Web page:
Dissertation abstract

Creation and Emptiness:

Transforming the Doctrine of Creation in Dialogue with the Kyoto School of Philosophy.

Roald E. Kristiansen. Emory University 1987. UMI, Ann Arbor, MI. (Order # 8716120)

Kopi av avhandlingen finnes på Universitetsbiblioteket i Tromsø: 00c003052- UBTØ - UBTØ q295 Kri (Opptrykk 1989) (Kopi)

The primary aim of this dissertation is to see whether the Mahayana Buddhist notion of Emptiness (sunyata) can contribute to our understanding of the nature of human existence, and how it would bring about changes in a Christian theological interpretation of the God-world relationship, i.e., the doctrine of creation. Two basic assumptions have been made prior to the research of this project:

  1. Theology is as much an 'exegesis of existence' as it is an exegesis of scriptures.
  2. Theology done in a Buddhist context must pay special attention to the religious experience within the Buddhist tradition.
From the first assumption, it follows that the sources of theological insight cannot be restricted to certain canonical scriptures sanctioned by the Christian churches, but must take the whole range of human religious experience into account, including scriptures, tradition and experiences from the Buddhist communities.

On the basis of these premises, chapter I of the dissertation gives an analysis of some central concepts an dideas developed in the Mahayana Buddhist tradition. Part 1 of that chapter seeks to clarify the meaning and use of the doctrine of emptiness, particularly in the Chinese tradition. Part 2 carries this analysis further by investigating how the emptiness doctrine is expressed in the actual religious life and thought of two major figures in Japanese Zen Buddhism, Dogen (Soto Zen) and Hakuin (Rinzai Zen). Besides providing a foundation for understanding the Buddhist notion of emptiness, the two parts also seek to clarify why a non-theistic tradition like Zen, may use absolutist concepts and ideas without contradicting its basic religious message. The importantceof this use is seen in chapter II, which in part 1 deals with NISHIDA Kitaro, the founder of the so-called Kyoto School of Philosophy, and in Part 2, which examines the thought of Nishida's followers: HISAMATSU Shin'ichi, NISHITANI Keiji, and ABE Masao. With the exception of Hisamatsu, these thinkers frequently make use of God-language, and the object of the analysis is to find out how the concept of God is used, and what this entails for the theological interpretation of the nature of human existence. The results can be summarized as follows: "God" is understood dynamically, i.e., as the activity of consistent negation ("absolute negation"), and as such it is functionally equivalent to the Buddhist notion of emptiness, sunyata. This does not result in utter negativity or nihilism, because the so-called "logic of soku hi" makes it possible to affirm positive statements about both the world and God.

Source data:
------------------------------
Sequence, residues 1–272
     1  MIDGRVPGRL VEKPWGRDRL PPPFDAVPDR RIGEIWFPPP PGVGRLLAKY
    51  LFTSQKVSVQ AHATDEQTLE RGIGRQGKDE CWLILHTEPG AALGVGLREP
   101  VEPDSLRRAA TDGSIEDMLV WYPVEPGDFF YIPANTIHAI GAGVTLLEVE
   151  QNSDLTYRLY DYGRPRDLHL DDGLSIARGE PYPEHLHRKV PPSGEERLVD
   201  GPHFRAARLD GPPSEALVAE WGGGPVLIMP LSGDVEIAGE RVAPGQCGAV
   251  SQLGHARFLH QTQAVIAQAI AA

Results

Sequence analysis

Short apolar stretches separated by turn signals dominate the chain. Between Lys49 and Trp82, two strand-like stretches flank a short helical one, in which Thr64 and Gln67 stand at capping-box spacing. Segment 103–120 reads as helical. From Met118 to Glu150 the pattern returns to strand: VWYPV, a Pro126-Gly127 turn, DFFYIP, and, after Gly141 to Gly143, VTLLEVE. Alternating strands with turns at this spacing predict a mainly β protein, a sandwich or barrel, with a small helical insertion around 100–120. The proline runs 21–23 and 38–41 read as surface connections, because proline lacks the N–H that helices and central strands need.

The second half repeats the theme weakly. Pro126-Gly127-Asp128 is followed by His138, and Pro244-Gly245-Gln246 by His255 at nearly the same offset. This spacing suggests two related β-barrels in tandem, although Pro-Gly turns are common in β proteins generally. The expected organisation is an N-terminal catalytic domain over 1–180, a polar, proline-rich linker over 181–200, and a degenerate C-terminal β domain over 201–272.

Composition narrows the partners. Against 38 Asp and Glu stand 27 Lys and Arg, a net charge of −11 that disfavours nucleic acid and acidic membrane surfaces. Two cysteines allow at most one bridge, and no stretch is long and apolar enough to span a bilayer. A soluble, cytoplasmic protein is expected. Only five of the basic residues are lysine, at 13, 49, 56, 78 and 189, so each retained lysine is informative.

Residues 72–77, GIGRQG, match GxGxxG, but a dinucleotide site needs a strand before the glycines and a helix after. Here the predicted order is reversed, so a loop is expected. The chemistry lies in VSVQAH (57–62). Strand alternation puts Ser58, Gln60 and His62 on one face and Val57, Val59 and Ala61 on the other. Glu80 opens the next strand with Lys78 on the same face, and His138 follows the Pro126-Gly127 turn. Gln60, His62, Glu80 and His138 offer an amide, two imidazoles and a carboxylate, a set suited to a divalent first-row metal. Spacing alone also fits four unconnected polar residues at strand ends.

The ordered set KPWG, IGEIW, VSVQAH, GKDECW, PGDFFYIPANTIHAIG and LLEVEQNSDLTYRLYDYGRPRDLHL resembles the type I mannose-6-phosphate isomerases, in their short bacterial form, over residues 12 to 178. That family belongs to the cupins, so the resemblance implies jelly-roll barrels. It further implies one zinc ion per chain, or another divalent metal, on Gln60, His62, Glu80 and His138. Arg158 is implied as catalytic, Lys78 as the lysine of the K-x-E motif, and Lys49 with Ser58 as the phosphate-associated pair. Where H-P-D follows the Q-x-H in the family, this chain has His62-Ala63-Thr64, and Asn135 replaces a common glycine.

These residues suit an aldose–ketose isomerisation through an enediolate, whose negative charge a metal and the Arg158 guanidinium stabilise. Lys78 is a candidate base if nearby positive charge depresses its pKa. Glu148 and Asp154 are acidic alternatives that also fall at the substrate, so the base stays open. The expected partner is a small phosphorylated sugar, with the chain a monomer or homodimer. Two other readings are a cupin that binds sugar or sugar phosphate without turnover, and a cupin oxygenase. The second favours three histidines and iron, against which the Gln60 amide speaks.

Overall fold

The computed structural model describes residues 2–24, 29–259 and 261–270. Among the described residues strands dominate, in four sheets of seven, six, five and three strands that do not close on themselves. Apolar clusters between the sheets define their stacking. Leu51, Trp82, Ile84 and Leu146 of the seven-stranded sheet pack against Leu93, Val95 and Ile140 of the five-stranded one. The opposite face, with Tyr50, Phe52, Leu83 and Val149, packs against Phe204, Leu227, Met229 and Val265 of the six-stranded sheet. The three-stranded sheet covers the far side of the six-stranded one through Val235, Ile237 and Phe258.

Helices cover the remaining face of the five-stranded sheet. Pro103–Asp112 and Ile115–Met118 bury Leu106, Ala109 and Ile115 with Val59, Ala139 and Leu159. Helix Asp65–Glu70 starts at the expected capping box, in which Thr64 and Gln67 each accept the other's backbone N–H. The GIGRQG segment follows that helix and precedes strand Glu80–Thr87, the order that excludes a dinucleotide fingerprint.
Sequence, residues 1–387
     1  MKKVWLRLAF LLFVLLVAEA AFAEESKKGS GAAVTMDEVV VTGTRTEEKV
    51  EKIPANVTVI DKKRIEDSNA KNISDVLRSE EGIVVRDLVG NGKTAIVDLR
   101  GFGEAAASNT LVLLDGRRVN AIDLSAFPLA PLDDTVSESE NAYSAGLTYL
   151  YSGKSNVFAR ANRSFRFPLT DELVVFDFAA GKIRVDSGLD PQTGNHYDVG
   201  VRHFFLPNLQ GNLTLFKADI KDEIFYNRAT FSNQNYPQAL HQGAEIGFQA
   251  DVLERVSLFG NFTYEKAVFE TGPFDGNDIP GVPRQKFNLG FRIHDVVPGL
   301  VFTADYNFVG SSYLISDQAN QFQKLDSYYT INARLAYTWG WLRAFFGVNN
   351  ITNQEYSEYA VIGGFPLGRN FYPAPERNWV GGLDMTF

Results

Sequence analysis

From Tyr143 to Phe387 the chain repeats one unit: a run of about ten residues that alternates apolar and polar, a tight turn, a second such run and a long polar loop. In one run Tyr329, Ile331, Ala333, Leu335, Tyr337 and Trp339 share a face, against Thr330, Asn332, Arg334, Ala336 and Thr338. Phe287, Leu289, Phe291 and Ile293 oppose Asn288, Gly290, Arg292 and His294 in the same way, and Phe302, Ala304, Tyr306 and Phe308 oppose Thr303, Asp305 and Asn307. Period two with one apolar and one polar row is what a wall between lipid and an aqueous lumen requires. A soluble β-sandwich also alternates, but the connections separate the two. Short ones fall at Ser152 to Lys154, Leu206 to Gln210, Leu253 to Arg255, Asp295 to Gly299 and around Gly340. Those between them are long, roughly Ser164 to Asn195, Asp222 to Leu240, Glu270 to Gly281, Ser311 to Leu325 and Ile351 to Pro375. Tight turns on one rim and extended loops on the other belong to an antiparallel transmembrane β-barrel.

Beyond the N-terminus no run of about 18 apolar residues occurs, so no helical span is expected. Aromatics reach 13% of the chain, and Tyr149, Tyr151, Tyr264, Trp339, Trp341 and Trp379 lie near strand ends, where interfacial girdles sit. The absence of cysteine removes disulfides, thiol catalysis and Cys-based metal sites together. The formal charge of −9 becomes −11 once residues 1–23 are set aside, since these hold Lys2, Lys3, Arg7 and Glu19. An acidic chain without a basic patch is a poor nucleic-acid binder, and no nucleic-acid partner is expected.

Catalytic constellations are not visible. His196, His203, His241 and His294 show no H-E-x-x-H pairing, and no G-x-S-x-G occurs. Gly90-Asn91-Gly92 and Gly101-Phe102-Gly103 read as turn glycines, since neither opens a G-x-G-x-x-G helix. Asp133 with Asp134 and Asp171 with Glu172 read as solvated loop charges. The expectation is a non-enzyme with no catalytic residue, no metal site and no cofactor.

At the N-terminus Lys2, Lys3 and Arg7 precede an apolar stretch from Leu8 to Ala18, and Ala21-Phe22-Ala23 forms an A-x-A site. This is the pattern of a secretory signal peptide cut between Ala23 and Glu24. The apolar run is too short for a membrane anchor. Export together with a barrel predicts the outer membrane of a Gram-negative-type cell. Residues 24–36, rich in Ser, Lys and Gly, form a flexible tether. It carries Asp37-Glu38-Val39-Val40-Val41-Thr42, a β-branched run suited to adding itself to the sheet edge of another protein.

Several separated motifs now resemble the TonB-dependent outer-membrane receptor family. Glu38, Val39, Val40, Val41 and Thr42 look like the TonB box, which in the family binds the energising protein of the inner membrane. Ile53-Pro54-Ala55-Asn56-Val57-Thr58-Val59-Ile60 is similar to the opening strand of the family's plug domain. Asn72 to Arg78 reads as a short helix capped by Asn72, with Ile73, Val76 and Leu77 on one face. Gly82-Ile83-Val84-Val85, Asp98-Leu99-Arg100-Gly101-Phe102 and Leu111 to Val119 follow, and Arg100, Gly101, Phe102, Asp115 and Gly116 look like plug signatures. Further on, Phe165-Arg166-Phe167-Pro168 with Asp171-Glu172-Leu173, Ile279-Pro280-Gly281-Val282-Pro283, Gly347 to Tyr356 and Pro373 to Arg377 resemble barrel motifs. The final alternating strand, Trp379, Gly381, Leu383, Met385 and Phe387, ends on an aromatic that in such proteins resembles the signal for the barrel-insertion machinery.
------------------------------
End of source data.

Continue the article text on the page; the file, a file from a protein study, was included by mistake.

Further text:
Chapter III seks to explicate the theological consequence of the Buddhist philosophers' interpretation of God. Three areas are singled out as specifically important:

Chapter IV concludes the project with an attempt to use the Buddhist logic os soku hi within a Christian theological frame of reference which goes beyond the ordinary division of Christianity and Buddhism as two distinct religions. By applying the logic of soku hi to I have attempted to show that the Christian faith in God and the Buddhist insight into reality as empty, may benefit the theological analysis of human existence in a way that transcends traditional religious barriers and opens up new vistas for future theological exploration.